“I was really surprised to begin with such a stunning dish. It was absolutely delicious, especially with the lemon aioli and pigment d’espellette, and it set the perfect tone for what was yet to come. It was really refreshing.”
“Yet another refreshing dish – I was particularly blown away with this tasty chilled soup. I had never tasted anything like it… so simple and yet indescribably delicious.”
“This entire sampling was sooo good especially with the Sorrel and Gribiche sauces.”
“A real nice transition from the Char to the mushrooms.”
“A combination of flavors I had never experienced before…wonderfully different to have such a mix of incredibly fresh field mushrooms with a spicy leeks puree. I’m not normally into mushrooms and this changed my mind.”
“A wonderful, though unexpected, combination of flavors I wouldn’t have otherwise thought could taste so good together.”
“Believe it or not, I am not usually a fan of key lime pie, however I would’ve licked the plate if I hadn’t been in such an elegant setting with people seated nearby. A perfect ending to an incredible and over-the-top tasting!”
To operate, or not to operate. This is the question that Dr. Alexandros Powers has continuously asked himself since the beginning of his career as a highly respected Neurosurgeon. Gaining influence from his older sister, as well as his love for continual research, Dr. Alexandros Powers entered the world of medicine.
Today, Dr. Alexandros Powers sits down with Andy to discuss his early life and career ambitions. Their exchange is filled with inspiring stories, stimulating accounts, and influential testimony that will leave you wanting to hear more. Anyone in need of enlightenment about the complexities of the nervous system, topics related to spinal surgery, cranial procedures and his philosophy about recapturing a patients quality of life – prepared to become inspired. Check out the full story on Extraordinary Ordinary People.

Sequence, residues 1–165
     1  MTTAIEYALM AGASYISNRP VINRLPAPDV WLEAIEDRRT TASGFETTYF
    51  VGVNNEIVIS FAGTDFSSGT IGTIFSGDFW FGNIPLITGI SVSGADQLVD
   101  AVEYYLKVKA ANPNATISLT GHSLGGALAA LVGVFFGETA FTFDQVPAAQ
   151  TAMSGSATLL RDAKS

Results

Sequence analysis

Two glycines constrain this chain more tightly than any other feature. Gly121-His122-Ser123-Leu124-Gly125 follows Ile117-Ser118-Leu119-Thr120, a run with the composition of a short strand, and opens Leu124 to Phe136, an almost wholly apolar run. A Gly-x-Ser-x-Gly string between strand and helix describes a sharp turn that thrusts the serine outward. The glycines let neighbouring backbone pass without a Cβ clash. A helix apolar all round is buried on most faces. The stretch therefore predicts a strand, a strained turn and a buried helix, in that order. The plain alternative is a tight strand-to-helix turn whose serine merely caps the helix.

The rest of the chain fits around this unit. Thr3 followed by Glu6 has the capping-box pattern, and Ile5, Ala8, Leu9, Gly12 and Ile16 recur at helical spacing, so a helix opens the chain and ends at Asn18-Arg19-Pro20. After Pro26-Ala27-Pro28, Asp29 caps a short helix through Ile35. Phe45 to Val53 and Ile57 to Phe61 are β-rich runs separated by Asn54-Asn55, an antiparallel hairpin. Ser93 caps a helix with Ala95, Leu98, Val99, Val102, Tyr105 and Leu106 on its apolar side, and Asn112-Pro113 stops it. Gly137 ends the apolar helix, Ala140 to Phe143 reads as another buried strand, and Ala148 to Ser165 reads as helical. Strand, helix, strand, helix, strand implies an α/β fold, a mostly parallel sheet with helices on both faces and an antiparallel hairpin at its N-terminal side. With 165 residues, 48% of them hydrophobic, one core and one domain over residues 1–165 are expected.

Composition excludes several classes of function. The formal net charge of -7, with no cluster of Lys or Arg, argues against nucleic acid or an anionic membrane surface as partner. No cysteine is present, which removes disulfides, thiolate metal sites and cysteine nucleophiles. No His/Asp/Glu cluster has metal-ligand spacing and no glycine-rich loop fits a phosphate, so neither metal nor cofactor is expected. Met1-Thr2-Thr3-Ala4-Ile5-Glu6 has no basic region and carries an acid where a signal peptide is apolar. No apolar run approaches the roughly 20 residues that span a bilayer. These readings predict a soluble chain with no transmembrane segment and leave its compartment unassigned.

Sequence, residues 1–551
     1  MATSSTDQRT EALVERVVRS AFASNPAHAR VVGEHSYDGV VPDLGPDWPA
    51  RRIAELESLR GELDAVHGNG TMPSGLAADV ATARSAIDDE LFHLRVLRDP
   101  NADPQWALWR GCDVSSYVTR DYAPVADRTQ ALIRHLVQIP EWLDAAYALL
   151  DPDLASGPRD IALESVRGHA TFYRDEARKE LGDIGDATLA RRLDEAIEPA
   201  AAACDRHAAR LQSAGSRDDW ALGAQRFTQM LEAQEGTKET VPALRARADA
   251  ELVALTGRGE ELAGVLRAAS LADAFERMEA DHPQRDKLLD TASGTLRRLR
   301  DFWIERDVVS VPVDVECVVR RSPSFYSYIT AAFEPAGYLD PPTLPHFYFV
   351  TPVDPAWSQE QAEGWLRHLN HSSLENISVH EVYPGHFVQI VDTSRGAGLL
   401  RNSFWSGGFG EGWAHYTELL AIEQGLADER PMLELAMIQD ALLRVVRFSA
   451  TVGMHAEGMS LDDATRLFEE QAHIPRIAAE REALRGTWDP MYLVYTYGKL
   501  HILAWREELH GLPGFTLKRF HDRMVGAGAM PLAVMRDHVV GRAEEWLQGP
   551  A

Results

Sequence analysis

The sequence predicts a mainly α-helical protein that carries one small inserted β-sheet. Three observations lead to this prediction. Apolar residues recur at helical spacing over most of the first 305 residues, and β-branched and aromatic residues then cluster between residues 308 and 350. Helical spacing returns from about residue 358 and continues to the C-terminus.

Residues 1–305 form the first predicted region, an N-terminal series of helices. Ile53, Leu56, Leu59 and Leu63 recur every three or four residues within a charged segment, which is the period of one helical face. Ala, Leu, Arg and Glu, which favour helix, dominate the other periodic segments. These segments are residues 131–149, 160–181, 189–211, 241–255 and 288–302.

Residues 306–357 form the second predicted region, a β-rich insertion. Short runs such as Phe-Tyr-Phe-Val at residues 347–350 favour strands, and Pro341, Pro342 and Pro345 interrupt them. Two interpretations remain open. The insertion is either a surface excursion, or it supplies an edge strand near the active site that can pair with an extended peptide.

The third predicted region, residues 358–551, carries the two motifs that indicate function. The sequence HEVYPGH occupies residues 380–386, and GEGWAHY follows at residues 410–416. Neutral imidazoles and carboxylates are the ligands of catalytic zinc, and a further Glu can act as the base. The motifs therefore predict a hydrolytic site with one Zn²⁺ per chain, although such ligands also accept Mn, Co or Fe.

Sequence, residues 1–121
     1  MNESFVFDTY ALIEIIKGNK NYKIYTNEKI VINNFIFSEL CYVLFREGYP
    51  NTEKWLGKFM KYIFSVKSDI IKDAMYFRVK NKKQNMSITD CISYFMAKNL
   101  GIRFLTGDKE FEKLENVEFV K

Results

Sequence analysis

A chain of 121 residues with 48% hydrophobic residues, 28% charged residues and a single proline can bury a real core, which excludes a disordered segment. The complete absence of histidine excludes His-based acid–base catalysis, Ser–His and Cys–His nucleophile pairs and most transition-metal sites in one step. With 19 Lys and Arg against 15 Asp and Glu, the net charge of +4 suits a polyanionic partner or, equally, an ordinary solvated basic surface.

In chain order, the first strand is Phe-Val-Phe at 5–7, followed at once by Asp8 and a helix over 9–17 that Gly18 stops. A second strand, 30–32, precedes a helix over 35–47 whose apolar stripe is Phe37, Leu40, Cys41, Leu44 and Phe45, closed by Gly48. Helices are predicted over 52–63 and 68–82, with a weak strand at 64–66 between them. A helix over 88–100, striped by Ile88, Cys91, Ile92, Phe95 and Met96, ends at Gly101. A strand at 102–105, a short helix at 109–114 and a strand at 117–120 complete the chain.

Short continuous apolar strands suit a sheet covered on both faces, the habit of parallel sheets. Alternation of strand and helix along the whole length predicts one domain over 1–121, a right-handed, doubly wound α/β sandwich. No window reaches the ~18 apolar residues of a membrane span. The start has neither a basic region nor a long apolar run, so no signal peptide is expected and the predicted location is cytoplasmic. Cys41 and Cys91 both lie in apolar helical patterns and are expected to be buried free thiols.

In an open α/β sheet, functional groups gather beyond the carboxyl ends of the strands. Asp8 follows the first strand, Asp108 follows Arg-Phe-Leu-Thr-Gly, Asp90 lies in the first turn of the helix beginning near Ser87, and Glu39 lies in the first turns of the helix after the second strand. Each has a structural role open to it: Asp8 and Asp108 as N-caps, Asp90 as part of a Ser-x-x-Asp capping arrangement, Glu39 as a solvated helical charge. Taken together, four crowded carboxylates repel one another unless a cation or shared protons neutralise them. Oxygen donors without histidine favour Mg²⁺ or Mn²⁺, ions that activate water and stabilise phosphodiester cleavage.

The Grainger Brothers’ talent and prowess in the world of music and rhythm is unparalleled. Between the two of them, Gary Grainger on bass and Greg on drums have recorded or performed with the likes of Whitney Houston and John Scofield, and together opened up for Earth Wind And Fire while on tour with their band, Pockets, all while keeping their musical roots and strong brotherhood bond at the forefront of their work. The brothers took many separate paths in their musical careers, as well as some similar ones too, that led them both to finding musical success from the late 70s to present day.
Today Andy, Gary, and Greg explore the brothers’ fascinating and ever-changing journey to becoming recognized as one of the best rhythm section duos in today’s music. They also share stories on the dynamics of what it’s like to perform and create together as brothers and as colleagues, how they keep their skills so versatile, and what it’s like to perform in venues as small as a one room club to as large as Madison Square Garden. Nowadays, the brothers are still busy touring, recording, and have even helped developed The Musicianship, a non-profit aimed at bringing music to youth to empower, educate , and inspire them. Music lovers and those who appreciate the story of rising stars won’t want to miss this episode. Check out the full interview, only on Extraordinary Ordinary People.